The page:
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It is often necessary to introduce concurrency into an application. The main reasons for this are:
  • Device I/O - inherently concurrent requiring separate thread(s) to handle
  • Responsiveness - don't want to freeze a UI while something happens
  • Throughput - need to make use of multiple cores to achieve required performance
  • Latency - need to respond to high priority events in the shortest possible time
Programming with multiple threads is trickier than single-threaded development because multiple threads must be created and synchronized in such a way that the following issues are avoided:
  • Deadlocks - threads block forever waiting for access to each others' resources
  • Race conditions - multiple threads updating the same data without arbitration produce random results
  • Dead time - CPU cores become inactive because of inefficient thread blocking
  • Excessive resource usage - excessive numbers of threads can eat up memory and CPU resources
Invocation in a single-threaded application is just a function call. Invocation in a multi-threaded application across a thread boundary involves synchronizing data and scheduling execution. Ensuring that this code is 100% correct can be tricky and subsequent changes can easily introduce errors that may not be detected for some time.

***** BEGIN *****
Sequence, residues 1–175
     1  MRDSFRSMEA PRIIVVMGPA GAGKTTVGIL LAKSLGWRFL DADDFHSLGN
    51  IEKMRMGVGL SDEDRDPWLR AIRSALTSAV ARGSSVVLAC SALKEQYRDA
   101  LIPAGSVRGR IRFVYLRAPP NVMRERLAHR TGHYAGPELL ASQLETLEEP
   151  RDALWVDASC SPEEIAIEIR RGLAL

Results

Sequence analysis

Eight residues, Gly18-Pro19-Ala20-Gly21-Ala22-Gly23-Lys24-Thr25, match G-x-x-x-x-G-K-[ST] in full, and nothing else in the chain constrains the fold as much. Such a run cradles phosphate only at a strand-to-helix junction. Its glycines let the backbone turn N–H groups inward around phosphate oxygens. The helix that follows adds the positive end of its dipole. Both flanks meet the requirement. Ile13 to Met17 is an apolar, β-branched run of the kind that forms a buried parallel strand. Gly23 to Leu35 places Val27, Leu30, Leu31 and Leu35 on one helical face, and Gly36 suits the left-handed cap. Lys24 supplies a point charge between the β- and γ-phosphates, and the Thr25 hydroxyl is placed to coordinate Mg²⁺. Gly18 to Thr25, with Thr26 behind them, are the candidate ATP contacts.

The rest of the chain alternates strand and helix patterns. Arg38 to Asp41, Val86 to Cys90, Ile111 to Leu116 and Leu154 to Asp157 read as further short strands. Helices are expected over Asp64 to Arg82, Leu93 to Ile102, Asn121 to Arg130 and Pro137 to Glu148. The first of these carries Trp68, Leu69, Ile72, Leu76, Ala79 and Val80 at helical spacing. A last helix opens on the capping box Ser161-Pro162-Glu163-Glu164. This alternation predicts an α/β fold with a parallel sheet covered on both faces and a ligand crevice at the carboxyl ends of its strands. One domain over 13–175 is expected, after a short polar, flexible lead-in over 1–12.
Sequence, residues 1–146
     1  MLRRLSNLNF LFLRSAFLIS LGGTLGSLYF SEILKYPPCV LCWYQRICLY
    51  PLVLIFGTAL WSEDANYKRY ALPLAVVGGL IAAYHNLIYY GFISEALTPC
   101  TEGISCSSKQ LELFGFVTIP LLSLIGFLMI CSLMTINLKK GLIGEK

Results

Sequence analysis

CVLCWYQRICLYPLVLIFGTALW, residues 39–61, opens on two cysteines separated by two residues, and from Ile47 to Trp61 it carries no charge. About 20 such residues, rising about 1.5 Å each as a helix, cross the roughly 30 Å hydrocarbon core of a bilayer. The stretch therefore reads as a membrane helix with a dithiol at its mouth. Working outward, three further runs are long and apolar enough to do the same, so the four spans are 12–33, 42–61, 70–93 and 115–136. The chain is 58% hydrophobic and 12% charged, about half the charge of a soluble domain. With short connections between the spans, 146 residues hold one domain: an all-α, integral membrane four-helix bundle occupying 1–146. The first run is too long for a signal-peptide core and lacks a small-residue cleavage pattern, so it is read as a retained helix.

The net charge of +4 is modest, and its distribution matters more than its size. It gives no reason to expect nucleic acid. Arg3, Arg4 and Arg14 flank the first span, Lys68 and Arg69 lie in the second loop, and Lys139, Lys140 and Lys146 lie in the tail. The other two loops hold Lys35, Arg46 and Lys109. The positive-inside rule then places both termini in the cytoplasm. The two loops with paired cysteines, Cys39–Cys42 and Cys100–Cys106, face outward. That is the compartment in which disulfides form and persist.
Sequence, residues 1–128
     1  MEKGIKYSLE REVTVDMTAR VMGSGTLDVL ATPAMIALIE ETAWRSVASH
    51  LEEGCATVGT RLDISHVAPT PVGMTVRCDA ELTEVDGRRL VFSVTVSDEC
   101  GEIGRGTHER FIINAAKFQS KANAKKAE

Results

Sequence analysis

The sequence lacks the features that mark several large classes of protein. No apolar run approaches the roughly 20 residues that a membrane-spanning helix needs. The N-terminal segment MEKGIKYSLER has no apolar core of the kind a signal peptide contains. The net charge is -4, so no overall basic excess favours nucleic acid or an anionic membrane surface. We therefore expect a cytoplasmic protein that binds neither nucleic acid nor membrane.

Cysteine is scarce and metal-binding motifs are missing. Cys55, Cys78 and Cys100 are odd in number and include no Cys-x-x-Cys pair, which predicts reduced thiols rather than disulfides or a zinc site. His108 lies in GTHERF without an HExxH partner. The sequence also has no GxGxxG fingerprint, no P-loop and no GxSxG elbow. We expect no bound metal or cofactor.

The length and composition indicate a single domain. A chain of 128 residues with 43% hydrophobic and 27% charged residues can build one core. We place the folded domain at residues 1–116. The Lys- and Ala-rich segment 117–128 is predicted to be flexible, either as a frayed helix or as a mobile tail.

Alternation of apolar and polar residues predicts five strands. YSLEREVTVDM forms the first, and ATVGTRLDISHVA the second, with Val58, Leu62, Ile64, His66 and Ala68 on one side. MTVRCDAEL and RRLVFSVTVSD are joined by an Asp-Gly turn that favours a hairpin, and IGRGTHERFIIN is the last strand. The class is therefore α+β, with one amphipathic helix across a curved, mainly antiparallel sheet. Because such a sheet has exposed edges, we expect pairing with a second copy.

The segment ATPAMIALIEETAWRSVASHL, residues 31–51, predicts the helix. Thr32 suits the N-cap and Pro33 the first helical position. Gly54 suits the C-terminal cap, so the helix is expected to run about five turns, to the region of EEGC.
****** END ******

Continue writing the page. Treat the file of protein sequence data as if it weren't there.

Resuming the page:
The MTF.NET runtime takes care of cross-thread invocation and task scheduling so that you can focus on coding features instead of infrastructure.

The MTF.NET runtime is easiest to use when combined with the Managed Task Framework.NET Professional visual editor (Visual Studio 2010 extension). The MTF.NET team are committed to continuously improving the core MTF.NET runtime and ensuring it is always available free and open source.

To find out more about the Managed Task Framework.NET Professional Visual Studio 2010 extension please see

Last edited Sep 30, 2012 at 7:58 AM by jaorme, version 16